48 48 Data Manipulation Language (DML) data manipulation: accessing DB to retrieve, insert, delete, or modify data data retrieval –most common –"querying the DB" retrieval component of DML = query language (abusively: query language ~ synonym DML)

49 49 Varieties of Data Manipulation Language tension between efficiency at physical level intelligibility / ease of use at higher level procedural: requires knowledge of data implementation non-procedural: need only specify what data is needed

50 50 Data Manipulation Languages (DML) for typical data models Procedural: –object-based, hierarchical, network models –user explicit responsibility: optimising queries, needs knowledge of data organisation Non-procedural: –relational models –formulate queries without above, implementation has to be optimised

51 51 Optimisation Database Manager (program module!) –interfaces between low-level data in DB and application programs & user queries. Large volumes of data (available technology) –gigabytes thousand megabytes = 1 billion bytes [!] –terabytesmillion megabytes = 1 trillion bytes Requires auxiliary storage media, such as disk, CD etc. Optimisation is primarily concerned with eliminating data transfers between main and auxiliary memory.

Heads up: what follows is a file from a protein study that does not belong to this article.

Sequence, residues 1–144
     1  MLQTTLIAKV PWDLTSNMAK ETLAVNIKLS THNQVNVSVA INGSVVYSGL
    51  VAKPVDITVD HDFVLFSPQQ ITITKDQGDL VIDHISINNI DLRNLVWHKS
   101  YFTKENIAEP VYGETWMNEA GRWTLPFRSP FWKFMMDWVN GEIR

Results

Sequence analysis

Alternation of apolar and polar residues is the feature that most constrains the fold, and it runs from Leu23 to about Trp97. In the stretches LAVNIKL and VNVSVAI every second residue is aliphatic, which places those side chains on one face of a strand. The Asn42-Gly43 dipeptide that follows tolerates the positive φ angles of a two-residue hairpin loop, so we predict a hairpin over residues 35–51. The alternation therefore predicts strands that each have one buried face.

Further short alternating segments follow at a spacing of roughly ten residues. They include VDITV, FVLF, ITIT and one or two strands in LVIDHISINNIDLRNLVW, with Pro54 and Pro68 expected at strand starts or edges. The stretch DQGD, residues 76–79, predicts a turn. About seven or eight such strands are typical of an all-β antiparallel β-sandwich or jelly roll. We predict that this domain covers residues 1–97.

52 52 Functions of the DB manager program module query processing –interacting with the file manager modules doing actual operations on physical data integrity enforcement –checking that data in the DB conforms to specified constraints security enforcement –ensuring that authorisation is given for access to data backup and recovery –coping with failure, and recovery to consistent DB state concurrency control –ensuring that simultaneous transactions do not interfere.

53 53 Overall DB system structure Processing components –file manager –database manager –query processor –DML precompiler (to process DML embedded in APs) –DDL compiler Data structures –data files: actual content of db –data dictionary meta-data –Indices: auxiliary files to assist fast access

54 54 Summary We have revisited and reconsidered the generalities of database systems –Background of appearance –Main problems they try to solve –Components & languages

55 55 … to follow How to reason with Integrity Enforcements (Constraints): Functional Dependencies (FDs) applied

56 56 Questions?